It is also the performance of a country as different from Ireland as could be imagined in its principle industries, economic structure and scale. This is a nation at the geographical centre of Europe with a population density four times that of Ireland.

How did the idea gain ground that because Germany has the single largest economy in the EU we need to try and align our interests to match theirs?

However this belief in German manifest destiny came about it shows a lack of imagination (rebranded as realism) about what role Ireland has to play in Europe and a commitment to Merkelism and the continued political primacy of the CDU in Germany that borders on the religious.

The way to make EU policy for Ireland is to decide on what priorities best suit the Irish citizen and then see which set of alliances best match it, which agendas we should push and which we should oppose.

However instead the recommendation is effectively to try and impress middle Europe through political homage and self abasement and then hope that this new found “respect” translates into undoing the damage of the bank guarantee and the ECB’s strong Euro obsession.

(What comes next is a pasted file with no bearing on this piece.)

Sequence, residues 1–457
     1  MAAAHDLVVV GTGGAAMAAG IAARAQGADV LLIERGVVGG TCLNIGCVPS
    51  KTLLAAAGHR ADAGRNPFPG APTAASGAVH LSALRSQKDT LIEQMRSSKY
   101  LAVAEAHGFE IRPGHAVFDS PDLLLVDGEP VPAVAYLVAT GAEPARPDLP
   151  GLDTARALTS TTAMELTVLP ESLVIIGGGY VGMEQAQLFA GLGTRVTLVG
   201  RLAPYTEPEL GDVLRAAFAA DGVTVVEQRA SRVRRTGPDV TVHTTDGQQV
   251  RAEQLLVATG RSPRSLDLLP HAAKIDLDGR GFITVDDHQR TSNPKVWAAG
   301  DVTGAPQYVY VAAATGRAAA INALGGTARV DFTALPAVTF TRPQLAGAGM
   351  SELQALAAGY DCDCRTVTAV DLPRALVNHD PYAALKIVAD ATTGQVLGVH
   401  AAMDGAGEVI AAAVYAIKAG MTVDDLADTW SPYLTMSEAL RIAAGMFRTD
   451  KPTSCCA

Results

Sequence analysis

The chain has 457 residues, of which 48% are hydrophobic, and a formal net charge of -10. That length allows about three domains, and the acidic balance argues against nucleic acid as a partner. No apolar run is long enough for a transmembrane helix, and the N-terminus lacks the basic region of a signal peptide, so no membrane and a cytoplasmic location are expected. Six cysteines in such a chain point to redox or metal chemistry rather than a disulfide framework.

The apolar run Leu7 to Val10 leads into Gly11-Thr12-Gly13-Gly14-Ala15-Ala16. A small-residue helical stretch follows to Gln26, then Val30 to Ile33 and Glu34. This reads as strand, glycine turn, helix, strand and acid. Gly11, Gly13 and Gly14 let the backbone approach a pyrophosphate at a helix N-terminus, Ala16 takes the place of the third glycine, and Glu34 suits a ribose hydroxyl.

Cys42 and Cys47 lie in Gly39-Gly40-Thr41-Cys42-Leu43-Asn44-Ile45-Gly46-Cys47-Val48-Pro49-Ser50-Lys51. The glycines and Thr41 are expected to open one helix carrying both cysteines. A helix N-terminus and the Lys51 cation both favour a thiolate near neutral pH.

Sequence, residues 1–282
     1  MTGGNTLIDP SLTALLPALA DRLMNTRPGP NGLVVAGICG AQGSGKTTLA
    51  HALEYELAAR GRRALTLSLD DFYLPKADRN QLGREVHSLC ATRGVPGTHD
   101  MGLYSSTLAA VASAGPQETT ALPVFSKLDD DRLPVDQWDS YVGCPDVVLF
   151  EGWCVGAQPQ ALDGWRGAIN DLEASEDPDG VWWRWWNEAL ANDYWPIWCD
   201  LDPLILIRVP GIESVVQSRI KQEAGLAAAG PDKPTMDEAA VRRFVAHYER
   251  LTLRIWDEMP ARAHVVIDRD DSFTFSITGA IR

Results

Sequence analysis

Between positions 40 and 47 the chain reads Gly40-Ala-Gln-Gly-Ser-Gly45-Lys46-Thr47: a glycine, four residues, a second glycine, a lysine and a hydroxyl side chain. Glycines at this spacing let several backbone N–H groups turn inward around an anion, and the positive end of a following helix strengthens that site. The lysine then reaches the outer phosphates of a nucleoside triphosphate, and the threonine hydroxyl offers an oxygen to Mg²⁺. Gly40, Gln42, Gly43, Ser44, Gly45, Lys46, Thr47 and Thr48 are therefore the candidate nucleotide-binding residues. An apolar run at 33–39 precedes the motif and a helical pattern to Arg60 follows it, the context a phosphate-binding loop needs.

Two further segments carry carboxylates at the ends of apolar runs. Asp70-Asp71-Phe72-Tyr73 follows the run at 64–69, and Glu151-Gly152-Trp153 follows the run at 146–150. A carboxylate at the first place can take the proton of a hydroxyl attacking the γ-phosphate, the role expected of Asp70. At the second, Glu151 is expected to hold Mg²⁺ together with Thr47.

If we get the best most German, governance in Europe it will be cold comfort when a combination of servicing the banking part of the national debt and the next global economic leaves us a bankrupt state with a population shattered by austerity.

That is why we have to relentlessly push the banking crisis to the political forefront in Europe until the political costs of not dealing with it outweigh the political benefits of pretending it is not there.

@ David 0’Donnell


I’m attracted to unconventional people; an Irish communist who is a cricket fan seems unusual or is it me?

Groucho Marx said after attending a cricket game in the UK, “If you suffer from insomnia after this, you really need to see your analyst.”

As regards the debt issue, I do believe we are in this Civil War situation with the realists/compromisers V the dreamers/fantasists.